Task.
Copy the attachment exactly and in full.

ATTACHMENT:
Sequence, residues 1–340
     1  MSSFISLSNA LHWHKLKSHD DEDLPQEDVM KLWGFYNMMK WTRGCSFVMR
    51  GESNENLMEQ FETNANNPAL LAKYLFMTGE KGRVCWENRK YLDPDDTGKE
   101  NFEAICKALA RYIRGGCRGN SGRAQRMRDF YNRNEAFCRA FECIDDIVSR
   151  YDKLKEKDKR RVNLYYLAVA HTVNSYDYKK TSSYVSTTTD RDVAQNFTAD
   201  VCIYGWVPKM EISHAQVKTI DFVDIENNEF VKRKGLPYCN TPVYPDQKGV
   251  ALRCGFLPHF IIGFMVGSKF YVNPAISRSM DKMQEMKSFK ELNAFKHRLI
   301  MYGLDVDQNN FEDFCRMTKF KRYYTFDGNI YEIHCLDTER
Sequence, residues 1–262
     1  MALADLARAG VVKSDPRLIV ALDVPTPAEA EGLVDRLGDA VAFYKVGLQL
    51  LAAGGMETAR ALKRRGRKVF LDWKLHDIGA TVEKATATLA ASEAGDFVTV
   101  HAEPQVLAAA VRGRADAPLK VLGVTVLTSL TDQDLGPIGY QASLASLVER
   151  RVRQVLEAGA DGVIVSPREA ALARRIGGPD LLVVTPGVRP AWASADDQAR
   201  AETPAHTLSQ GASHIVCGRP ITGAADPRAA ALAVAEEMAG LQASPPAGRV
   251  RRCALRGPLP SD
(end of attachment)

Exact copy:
Sequence, residues 1–340
     1  MSSFISLSNA LHWHKLKSHD DEDLPQEDVM KLWGFYNMMK WTRGCSFVMR
    51  GESNENLMEQ FETNANNPAL LAKYLFMTGE KGRVCWENRK YLDPDDTGKE
   101  NFEAICKALA RYIRGGCRGN SGRAQRMRDF YNRNEAFCRA FECIDDIVSR
   151  YDKLKEKDKR RVNLYYLAVA HTVNSYDYKK TSSYVSTTTD RDVAQNFTAD
   201  VCIYGWVPKM EISHAQVKTI DFVDIENNEF VKRKGLPYCN TPVYPDQKGV
   251  ALRCGFLPHF IIGFMVGSKF YVNPAISRSM DKMQEMKSFK ELNAFKHRLI
   301  MYGLDVDQNN FEDFCRMTKF KRYYTFDGNI YEIHCLDTER
Sequence, residues 1–262
     1  MALADLARAG VVKSDPRLIV ALDVPTPAEA EGLVDRLGDA VAFYKVGLQL
    51  LAAGGMETAR ALKRRGRKVF LDWKLHDIGA TVEKATATLA ASEAGDFVTV
   101  HAEPQVLAAA VRGRADAPLK VLGVTVLTSL TDQDLGPIGY QASLASLVER
   151  RVRQVLEAGA DGVIVSPREA ALARRIGGPD LLVVTPGVRP AWASADDQAR
   201  AETPAHTLSQ GASHIVCGRP ITGAADPRAA ALAVAEEMAG LQASPPAGRV
   251  RRCALRGPLP SD